In a letter to majority and minority leaders in the US senate and house of representatives, 41 organisations urged legislators to introduce a range of measures to allow displaced Afghans to join “the millions of international students and scholars who have contributed to the cultural and intellectual vibrancy of [US] campuses and to our national economic prosperity”.
Students and scholars currently not in Afghanistan, but unable to arrive in the US, need additional support, advocates said.
“We have already heard reports of students with Afghan citizenship… being denied a student visa”
“We have already heard reports of students with Afghan citizenship applying to study in the US from third countries being denied a student visa because they cannot demonstrate intent to return to Afghanistan after their program of study,” the letter noted.
F-1, M-1, and J-1 student and scholar visa program should have non-immigrant intent removed for those from Afghanistan, or at least the requirement should be “satisfied by an intent to return when conditions in Afghanistan are normalised or to return to a third country”, it said.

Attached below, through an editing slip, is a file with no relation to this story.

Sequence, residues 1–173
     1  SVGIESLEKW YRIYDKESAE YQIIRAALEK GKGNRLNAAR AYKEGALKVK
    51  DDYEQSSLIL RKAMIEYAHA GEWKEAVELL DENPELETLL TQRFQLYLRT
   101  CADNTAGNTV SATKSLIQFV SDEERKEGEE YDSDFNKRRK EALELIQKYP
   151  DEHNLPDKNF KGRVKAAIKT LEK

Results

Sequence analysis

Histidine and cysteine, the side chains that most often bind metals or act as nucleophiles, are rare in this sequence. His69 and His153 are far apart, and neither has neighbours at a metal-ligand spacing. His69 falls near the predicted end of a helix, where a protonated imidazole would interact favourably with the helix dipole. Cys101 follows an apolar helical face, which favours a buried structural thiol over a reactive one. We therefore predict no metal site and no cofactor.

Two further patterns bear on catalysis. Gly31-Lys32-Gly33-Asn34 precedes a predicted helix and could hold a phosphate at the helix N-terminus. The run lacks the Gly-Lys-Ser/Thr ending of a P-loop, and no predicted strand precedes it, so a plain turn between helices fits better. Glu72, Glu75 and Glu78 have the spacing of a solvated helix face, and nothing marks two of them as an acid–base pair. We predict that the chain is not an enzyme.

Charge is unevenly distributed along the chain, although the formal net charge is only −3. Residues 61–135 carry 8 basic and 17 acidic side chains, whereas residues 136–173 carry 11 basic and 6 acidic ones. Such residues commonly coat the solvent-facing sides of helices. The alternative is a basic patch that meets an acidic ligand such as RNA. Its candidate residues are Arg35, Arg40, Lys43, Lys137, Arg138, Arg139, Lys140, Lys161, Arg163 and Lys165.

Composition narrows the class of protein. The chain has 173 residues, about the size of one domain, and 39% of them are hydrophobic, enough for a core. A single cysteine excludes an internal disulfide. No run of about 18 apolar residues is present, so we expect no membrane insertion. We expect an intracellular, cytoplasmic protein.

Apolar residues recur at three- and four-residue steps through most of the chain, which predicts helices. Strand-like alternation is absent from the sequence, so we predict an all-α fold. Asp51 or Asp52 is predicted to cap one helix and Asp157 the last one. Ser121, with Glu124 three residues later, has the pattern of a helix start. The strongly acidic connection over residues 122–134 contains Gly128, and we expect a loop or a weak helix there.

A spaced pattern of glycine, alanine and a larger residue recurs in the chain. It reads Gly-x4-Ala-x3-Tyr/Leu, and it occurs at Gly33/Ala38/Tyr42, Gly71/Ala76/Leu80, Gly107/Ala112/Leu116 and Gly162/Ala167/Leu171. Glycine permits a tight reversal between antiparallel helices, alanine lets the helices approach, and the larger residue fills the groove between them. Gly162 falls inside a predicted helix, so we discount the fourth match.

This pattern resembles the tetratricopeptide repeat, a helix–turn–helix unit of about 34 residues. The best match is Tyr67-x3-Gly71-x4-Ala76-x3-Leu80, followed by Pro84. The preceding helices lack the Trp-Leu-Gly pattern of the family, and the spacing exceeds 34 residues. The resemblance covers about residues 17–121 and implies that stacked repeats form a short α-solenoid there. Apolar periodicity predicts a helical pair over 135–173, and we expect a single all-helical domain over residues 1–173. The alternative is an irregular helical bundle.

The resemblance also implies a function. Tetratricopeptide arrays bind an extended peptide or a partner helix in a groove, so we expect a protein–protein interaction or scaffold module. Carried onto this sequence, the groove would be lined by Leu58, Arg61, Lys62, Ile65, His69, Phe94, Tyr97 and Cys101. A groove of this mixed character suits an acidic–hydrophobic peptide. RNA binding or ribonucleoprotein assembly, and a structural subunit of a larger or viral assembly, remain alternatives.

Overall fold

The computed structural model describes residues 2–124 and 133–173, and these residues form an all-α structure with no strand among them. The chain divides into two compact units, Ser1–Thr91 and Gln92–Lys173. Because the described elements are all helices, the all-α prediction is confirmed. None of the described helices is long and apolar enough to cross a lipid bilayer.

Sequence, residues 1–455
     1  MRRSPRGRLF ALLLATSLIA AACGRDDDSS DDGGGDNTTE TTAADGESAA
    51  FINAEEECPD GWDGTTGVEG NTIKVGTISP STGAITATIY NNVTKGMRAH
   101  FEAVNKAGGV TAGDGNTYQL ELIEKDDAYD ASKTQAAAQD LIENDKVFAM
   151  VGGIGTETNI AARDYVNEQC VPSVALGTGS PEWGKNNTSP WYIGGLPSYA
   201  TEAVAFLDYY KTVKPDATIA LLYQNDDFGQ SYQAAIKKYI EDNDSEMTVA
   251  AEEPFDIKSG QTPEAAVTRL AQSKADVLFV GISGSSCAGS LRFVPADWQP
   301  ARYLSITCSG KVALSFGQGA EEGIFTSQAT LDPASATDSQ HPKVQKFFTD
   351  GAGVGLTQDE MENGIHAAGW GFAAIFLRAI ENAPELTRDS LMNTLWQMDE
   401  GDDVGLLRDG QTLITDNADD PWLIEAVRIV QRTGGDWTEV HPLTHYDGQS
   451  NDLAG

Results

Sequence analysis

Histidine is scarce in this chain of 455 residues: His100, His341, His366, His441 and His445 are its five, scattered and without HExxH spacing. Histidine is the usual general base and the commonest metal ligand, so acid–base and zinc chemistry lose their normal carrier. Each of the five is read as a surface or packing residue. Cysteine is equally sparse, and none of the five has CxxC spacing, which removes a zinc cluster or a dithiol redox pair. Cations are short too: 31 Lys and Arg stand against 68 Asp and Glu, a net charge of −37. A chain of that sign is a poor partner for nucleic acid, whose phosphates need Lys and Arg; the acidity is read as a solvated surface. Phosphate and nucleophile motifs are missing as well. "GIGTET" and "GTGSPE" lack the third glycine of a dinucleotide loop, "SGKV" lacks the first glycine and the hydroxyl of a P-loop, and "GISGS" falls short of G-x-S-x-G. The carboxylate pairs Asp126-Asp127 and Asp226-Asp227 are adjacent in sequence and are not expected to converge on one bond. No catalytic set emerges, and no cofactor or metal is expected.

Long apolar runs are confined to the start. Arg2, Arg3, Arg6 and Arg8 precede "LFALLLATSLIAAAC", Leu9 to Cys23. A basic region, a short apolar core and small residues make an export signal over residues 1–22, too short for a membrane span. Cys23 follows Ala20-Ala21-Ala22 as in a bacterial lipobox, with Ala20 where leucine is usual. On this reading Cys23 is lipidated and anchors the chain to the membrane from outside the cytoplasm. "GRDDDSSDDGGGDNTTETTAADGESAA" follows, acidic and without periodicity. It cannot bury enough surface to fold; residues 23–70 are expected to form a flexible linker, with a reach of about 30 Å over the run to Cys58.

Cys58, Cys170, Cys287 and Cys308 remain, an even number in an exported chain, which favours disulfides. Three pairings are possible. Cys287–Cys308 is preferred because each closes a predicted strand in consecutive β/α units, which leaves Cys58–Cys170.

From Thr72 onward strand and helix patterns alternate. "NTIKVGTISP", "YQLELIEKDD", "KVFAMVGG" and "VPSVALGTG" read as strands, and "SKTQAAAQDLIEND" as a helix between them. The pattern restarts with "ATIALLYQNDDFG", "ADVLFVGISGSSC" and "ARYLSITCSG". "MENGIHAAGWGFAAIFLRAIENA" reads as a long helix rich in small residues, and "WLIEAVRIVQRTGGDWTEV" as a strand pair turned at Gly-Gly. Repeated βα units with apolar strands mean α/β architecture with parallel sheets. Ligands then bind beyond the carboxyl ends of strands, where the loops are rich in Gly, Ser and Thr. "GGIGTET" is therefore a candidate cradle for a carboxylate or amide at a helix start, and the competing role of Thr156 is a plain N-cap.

Additional USAID fund should support displaced scholars in third countries who are waiting to travel to the US. And funding should be extended for those now in third countries, previously on USAID grants in Afghanistan who are unable to access USAID grant funding, as it was tied to work in Afghanistan.
The Department of Homeland Security is urged to designate Afghanistan as Temporary Protected Status or Deferred Enforced Departure, to allow those entering the US on various visa programs to remain safe from deportation, the organisations urged.
Other measures they suggested include US Citizenship and Immigration Services waiving current rules around off-campus work for Afghanistan student visa holders, and other specific groups from parts of the world that are experiencing emergent circumstances.
USCIS and DOS should have additional funding to process Afghans’ visas and green card applications, they added.